. With her lines and weight distribution she'll be a lovely sailboat; and not bad at rowing or sculling either. Perhaps I'll put on a bracket for an electric
, but the purist in me is shaking his head
. He is also hiding my wallet, perhaps he too is a Caledonian.
Masts, yards and boom will be birdmouth-built hollow spars...there is no end of lovely baltic
pine hereabouts, or I might see if I can scrounge some Fir. Light as possible, but plenty strong, as there won't be any shrouds (no burials on this boat), and no stays (can't get caught in them if they're not there, eh?). Not sure if I should include lighting
, I think yes.
Sailcloth....probably mil suplus cotton duck, though I'll go pester the textile mill here in town to see what they may have. I'm keen to put on a cockpit
tent in the event I overnight (heeeere feeeshy feeeshy, heh heh), and a boat
cover for when she's dormant on the hard
. Need a decent old Singer machine....
Cordage will mostly be traditional, and of a standard size as much as possible so as to buy in bulk. The halyards and tack lines however will be cheating....low-stretch modern composite. Mr Purist is willing to acquiesce on that. Good thing too, or else I'd cut his whisky ration. For blocks, I'll build them with whatever suitable bearings I can get my greasy little mitts on, but on the outside they'll look old school
timber and brass.
For an anchor
, I'll go for.....ha, thought you had me, eh? Not to worry, I'll play around some, and test out some other ideas, and then I'll spill the beans.
can live in a waterproof bag in a waterproof locker, and I must get me a portable VHF
and a little solar
panel. Won't need those inland, but for trips further away, a must.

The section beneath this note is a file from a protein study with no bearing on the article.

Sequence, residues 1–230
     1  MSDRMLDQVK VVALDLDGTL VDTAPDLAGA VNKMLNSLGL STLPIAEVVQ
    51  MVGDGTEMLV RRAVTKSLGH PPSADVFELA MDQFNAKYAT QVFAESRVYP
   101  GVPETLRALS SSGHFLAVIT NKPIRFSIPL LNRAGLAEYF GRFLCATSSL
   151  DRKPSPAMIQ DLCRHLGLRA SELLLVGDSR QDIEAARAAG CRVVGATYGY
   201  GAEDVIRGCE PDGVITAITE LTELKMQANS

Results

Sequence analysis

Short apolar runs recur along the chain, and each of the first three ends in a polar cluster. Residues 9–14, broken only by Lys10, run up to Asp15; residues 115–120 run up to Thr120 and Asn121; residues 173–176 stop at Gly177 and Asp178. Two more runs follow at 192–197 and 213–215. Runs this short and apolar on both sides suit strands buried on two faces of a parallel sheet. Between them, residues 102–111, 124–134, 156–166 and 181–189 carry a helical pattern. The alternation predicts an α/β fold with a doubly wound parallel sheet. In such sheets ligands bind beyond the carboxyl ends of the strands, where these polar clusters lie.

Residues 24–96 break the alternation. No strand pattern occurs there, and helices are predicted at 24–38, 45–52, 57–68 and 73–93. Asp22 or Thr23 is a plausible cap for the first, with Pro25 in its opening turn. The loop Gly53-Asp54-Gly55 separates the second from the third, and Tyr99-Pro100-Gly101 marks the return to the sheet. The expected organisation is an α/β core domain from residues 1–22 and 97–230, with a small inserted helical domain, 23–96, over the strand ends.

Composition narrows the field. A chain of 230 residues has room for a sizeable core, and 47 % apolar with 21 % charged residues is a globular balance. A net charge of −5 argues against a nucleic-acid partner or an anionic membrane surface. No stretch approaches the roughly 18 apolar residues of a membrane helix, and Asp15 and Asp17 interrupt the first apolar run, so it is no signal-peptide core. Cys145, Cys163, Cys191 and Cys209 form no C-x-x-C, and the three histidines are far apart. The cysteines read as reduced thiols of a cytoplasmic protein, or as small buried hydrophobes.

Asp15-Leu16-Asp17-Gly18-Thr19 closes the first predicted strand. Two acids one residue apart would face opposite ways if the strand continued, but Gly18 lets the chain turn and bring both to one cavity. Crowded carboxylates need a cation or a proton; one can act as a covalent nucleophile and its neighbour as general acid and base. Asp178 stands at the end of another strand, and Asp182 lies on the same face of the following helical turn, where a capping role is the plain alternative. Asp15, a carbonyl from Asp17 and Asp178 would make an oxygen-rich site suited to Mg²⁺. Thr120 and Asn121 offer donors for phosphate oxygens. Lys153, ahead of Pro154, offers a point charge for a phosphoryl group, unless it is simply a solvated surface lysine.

The recent illuminating thread about comüposting toilets has got me thinking....It's so simple, I could make up a marinised mini-pooper and avoid one of those chemical things.
Ditto the DIY
gimballed alcohol cooker.....build it in the cellar in the unsailable winter
months, and then have hot food
on board; no eating cold out of cans, or risking entertaining busybodies ashore. A portable charcoal setup for grilling would be a handy thing too. Must watch out on a wooden boat with canvas sails
The one thing that might stump me, or threaten to impoverish me, is the trailer
. For use in the yard I'll make up a light one for hand-pushing and launching, but if I go on the road I'll likely have to buy off-the-shelf with CE approval....self-build trailer
is a recipe for many headaches and fees
from the bureaucrat machine hereabouts. In a pinch I can borrow a friend's tipper to get her from the building site to the lake, but that would be a one-off; don't want to hurt the delicate girl, do I now.
So, a seaworthy
boat with potential (this design was a seagoing workboat), and a weekend getaway from the weekday madness. Not expensive, and not common. Of course, once the time arrives to up sticks and relocate back to the Land Downunder for the main project, I'd have to sell the Yawl.....too big to be relegated to dinghy
The adventure begins, and sooner then I had thought! More to come.....